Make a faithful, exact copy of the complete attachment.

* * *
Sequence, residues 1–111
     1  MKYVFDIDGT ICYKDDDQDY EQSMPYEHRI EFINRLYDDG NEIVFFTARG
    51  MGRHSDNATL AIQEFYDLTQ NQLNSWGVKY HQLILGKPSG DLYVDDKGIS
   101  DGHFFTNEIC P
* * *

Sequence, residues 1–111
     1  MKYVFDIDGT ICYKDDDQDY EQSMPYEHRI EFINRLYDDG NEIVFFTARG
    51  MGRHSDNATL AIQEFYDLTQ NQLNSWGVKY HQLILGKPSG DLYVDDKGIS
   101  DGHFFTNEIC P